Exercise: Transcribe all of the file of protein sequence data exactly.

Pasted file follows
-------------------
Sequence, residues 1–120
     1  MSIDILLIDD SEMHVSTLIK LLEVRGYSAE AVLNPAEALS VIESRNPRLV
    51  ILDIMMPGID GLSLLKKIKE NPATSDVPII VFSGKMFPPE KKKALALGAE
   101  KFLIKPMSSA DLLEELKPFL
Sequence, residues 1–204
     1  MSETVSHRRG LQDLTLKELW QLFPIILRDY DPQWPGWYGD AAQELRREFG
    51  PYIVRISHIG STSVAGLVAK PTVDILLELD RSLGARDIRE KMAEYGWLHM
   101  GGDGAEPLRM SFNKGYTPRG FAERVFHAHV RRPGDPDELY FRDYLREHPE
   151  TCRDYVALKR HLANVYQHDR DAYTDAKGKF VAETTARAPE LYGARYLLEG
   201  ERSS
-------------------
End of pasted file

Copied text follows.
Sequence, residues 1–120
     1  MSIDILLIDD SEMHVSTLIK LLEVRGYSAE AVLNPAEALS VIESRNPRLV
    51  ILDIMMPGID GLSLLKKIKE NPATSDVPII VFSGKMFPPE KKKALALGAE
   101  KFLIKPMSSA DLLEELKPFL
Sequence, residues 1–204
     1  MSETVSHRRG LQDLTLKELW QLFPIILRDY DPQWPGWYGD AAQELRREFG
    51  PYIVRISHIG STSVAGLVAK PTVDILLELD RSLGARDIRE KMAEYGWLHM
   101  GGDGAEPLRM SFNKGYTPRG FAERVFHAHV RRPGDPDELY FRDYLREHPE
   151  TCRDYVALKR HLANVYQHDR DAYTDAKGKF VAETTARAPE LYGARYLLEG
   201  ERSS